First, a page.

ValueWalk’s interview with Will Simonds, the Head of Customer Success and Marketing at Abine, Inc. In this interview, Will discusses the major date breaches, the difference between a hack and a data breach, if Apple’s computers are immune to viruses, secruity measures the big tech firms are taking, if phones and smartwatches can be breached and if there is a way to secure them, their company’s product offerings that lets you remove your personal information that is available publicly online, if quatum computers can be breached, and now non-techies can best guard themselves.
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ValueWalk's Raul Panganiban interviews Kirk Du Plessis, Founder and CEO of Option Alpha, and discuss Option Alpha and his general approach to investing. Q1 2021 hedge fund letters, conferences and more The following is a computer generated transcript and may contain some errors. Interview with Option Alpha's Kirk Du Plessis
There have been a lot of data breaches lately, can you tell us some of the major ones?
Some of the most notable are:
- Quest Diagnostics: the laboratory testing firm Quest Diagnostics revealed a data breach that exposed the personal medical records of almost 12 Million patients. Information like Social Security numbers, medical information/ records and even financial data were potentially obtained by an unauthorized third party.
- First American Financial: First American Financial, a leading provider of title insurance for the real estate and mortgage industries, was responsible for potentially leaking close to 900 million documents related to mortgage deals. Information like bank account numbers, bank statements, mortgage records, tax documents, wire transfer receipts Social Security numbers and photos of driver’s licenses were all easily accessible online without a password.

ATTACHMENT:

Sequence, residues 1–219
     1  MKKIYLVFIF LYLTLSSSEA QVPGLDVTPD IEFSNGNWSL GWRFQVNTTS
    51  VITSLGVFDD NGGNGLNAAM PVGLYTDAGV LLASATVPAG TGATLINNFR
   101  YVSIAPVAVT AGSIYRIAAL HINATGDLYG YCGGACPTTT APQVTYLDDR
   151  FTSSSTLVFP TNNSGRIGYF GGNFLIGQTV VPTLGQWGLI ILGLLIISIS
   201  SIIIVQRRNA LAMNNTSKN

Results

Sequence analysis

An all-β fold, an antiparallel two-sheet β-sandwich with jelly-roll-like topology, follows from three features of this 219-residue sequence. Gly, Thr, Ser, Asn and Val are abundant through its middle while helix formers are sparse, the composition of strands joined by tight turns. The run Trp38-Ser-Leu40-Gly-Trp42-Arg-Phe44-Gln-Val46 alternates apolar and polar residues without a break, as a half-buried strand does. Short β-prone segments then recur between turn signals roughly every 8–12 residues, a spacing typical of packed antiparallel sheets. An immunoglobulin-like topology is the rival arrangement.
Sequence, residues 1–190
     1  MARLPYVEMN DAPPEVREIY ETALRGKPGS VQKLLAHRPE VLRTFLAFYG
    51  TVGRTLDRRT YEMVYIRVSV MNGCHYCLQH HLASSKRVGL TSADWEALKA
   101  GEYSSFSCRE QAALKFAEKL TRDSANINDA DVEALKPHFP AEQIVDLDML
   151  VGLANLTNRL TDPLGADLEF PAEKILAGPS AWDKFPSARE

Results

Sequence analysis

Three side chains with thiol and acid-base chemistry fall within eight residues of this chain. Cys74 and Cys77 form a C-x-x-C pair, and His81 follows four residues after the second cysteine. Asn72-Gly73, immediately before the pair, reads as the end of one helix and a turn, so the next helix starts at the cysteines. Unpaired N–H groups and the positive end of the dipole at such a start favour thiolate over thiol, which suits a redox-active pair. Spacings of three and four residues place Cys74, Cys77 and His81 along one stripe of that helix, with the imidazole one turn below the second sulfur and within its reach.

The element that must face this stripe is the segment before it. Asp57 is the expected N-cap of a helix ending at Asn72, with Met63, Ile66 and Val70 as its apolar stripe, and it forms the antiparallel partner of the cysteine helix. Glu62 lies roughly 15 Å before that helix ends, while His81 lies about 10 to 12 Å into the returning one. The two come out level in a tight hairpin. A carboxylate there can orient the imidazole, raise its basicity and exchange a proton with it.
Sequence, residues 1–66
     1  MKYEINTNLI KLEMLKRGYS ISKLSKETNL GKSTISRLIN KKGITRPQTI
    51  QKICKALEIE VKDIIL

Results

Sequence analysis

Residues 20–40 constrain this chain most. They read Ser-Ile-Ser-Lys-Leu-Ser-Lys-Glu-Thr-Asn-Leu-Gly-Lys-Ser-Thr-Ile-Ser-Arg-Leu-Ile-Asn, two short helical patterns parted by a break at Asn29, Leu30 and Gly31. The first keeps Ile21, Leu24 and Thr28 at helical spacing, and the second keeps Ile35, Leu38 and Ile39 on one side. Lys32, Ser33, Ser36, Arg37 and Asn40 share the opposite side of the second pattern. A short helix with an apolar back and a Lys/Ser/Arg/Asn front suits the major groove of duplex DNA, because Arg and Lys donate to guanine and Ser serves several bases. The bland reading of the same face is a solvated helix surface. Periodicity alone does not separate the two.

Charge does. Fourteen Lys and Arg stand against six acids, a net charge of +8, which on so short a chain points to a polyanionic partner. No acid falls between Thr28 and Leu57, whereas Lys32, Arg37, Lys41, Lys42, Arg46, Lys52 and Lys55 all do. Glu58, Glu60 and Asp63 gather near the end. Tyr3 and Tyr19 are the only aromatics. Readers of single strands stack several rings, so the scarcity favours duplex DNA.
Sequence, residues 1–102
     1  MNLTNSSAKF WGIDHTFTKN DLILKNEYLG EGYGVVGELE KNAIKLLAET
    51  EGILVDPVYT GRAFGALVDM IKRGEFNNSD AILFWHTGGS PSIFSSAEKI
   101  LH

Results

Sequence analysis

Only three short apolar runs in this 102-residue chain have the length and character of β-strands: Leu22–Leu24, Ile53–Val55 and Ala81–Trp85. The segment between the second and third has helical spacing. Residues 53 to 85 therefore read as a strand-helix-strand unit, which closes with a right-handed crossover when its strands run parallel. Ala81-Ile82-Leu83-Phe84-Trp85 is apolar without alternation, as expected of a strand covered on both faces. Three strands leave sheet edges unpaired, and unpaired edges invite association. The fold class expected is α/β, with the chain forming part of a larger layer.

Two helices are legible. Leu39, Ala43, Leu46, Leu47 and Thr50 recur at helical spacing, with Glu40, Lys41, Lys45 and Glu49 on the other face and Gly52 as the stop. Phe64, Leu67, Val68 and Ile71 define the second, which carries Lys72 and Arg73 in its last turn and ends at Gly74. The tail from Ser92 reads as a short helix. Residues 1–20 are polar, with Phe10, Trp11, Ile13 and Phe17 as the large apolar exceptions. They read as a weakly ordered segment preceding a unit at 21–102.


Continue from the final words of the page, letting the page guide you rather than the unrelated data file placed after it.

- Known as Collection #1 Et al.: Collection #1 was an 87GB database that was found being sold on the dark web. Collection #1 contained nearly 773 million unique email addresses and 21 million unique passwords and the data included in the dumped files was made up of many different individual data breaches from thousands of different sources. Shortly after Collection #1 was discovered, at least 6 more data troves containing even more stolen data from hacked databases.
How do they differ in technical aspects?
- The Quest Diagnostics data breach was the result of a “skimming” technique used by an unauthorized third party. Hackers infiltrated a billing collection system run by American Medical Collection Agency (AMCA), which was used by Quest to process payments to complete medical lab testing. The unauthorized third party was able to potentially access Quest patient data like Social Security numbers, medical information, and other financial data.